Transitioning scientific discoveries to inventions and products to benefit public health requires knowledge and education beyond what is traditionally learned during medical, graduate, and post-doctoral training.

Challenges to addressing this CQ include:

• Need for educators and mentors with relevant industry experience and expertise.

• This would be a culture shift in academic institutions, though the new NIH programs described above has already started to influence this shift.

Name of idea submitter and other team members who worked on this idea NHLBI Staff

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19 up votes
19 down votes
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Goal 3: Advance Translational Research

Building a bridge - new approaches to dissemination

There is a need to fundamentally rethink the approach to translation and dissemination of clinical trial results. The current approach relegates dissemination as a side effect to the end of a trial and does not require sufficient funds be set aside to conduct adequate outreach. As a result, it takes up to 17 years for the results of trials to be adopted and used in everyday practice. It is time for a new model which re-prioritizes... more »

Is this idea a Compelling Question (CQ) or Critical Challenge (CC)? Critical Challenge (CC)

Details on the impact of addressing this CQ or CC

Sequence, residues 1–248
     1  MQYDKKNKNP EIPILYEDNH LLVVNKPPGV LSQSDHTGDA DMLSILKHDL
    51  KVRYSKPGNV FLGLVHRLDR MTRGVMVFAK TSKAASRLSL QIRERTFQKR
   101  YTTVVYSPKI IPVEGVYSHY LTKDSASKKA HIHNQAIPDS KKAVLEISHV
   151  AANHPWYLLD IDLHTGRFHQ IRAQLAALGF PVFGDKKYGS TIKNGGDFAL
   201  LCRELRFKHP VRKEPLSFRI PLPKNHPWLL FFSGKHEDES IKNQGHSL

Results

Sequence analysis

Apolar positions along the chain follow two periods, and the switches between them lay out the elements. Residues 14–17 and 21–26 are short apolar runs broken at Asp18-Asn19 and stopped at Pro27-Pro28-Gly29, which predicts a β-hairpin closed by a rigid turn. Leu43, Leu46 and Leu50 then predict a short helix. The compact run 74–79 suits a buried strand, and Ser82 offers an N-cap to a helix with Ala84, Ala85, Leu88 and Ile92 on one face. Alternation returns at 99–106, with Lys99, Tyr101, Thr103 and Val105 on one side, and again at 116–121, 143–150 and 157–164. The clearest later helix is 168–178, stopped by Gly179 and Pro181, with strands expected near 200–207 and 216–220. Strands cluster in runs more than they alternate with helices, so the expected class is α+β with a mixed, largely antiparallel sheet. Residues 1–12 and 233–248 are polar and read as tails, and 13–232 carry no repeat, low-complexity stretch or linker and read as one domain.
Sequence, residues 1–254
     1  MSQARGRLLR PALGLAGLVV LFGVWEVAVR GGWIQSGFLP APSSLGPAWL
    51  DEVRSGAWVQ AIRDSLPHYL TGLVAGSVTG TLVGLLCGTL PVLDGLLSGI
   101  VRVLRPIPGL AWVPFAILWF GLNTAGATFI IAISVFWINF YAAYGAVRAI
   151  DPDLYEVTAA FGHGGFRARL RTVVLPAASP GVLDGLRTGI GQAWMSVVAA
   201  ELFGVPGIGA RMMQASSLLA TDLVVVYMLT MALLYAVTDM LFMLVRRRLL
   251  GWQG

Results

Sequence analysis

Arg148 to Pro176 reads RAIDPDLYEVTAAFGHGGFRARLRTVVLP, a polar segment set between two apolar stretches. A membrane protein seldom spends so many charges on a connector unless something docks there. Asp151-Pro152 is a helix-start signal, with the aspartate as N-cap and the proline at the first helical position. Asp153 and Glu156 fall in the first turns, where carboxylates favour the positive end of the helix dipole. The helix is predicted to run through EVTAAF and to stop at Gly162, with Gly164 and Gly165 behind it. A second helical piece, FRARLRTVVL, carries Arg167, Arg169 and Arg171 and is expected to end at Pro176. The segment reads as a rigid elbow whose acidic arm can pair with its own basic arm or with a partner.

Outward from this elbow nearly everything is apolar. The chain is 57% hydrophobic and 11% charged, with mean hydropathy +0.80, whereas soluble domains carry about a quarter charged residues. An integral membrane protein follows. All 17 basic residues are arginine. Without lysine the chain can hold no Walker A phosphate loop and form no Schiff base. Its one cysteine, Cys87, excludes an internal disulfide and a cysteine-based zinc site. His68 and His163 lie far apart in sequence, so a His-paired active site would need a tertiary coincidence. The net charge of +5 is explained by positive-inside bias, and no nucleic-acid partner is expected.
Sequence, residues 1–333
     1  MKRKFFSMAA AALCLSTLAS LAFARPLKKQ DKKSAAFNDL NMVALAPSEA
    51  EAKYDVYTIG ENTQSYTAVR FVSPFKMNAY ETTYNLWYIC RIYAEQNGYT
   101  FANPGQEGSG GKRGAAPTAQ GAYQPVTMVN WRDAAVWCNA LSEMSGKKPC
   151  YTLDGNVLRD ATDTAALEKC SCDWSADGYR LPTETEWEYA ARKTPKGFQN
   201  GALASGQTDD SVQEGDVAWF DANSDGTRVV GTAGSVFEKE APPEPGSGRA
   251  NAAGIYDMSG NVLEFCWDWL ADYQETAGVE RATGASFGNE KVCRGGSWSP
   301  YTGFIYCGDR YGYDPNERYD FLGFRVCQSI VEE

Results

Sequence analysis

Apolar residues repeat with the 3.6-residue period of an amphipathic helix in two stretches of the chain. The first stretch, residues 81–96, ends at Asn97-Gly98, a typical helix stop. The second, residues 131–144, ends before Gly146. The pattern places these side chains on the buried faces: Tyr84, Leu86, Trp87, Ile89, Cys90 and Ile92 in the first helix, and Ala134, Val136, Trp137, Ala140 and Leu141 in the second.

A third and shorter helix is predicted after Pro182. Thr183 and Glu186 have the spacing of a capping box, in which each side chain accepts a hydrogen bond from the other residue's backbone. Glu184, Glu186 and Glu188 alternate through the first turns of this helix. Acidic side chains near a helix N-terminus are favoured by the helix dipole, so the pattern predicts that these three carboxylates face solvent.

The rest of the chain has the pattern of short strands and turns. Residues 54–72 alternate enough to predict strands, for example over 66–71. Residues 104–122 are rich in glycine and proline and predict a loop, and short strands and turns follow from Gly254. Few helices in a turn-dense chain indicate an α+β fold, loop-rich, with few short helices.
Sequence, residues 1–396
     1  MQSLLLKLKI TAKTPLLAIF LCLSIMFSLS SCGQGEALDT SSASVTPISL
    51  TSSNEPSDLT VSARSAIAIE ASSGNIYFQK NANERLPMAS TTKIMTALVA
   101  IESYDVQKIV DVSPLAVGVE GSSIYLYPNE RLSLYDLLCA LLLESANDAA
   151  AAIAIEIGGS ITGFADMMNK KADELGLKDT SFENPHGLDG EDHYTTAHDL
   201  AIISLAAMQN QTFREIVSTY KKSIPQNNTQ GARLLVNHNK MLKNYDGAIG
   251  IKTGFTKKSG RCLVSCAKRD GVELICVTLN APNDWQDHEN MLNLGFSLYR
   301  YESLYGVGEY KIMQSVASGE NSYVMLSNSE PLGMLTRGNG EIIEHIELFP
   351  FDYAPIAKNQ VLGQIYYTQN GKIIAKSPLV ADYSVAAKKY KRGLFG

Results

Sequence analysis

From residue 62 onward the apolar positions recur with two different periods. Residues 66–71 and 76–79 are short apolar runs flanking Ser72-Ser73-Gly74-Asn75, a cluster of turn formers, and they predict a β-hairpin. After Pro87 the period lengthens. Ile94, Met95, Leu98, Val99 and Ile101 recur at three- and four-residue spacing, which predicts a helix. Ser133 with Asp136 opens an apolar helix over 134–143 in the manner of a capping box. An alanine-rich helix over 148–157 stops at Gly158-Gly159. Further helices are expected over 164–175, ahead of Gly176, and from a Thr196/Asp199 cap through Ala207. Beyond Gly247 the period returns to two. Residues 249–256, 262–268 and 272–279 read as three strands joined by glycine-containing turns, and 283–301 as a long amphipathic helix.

The benefits of clinical research on the quality of health are compromised by the slow and ineffective process by which they find their way into clinical practice. Decades of theorizing on the dissemination of scientific knowledge has resulted in overreliance on outmoded theoretical approaches to dissemination. Much of the work to date has the appearance of “victim blaming” (e.g., the characteristics of “slow adopters” are identified and many physicians are thought to evidence “clinical inertia”). Much less attention is focused on: a) the outmoded and ineffective process of dissemination itself, disregarding the important (even critical) role of the digital age and social media; b) the ever changing organizational contexts in which dissemination is supposed to occur (not considering the important role of the consumer or patient in dissemination); and c) the demonstrated efficiency of the private sector in disseminating information to organizations, providers and patients (commonly known as direct to consumer advertising). Delays in dissemination result in delays in receipt of new therapies, effective new approaches, safe and more cost effective treatments and contributes to social injustices which perpetuate health disparities.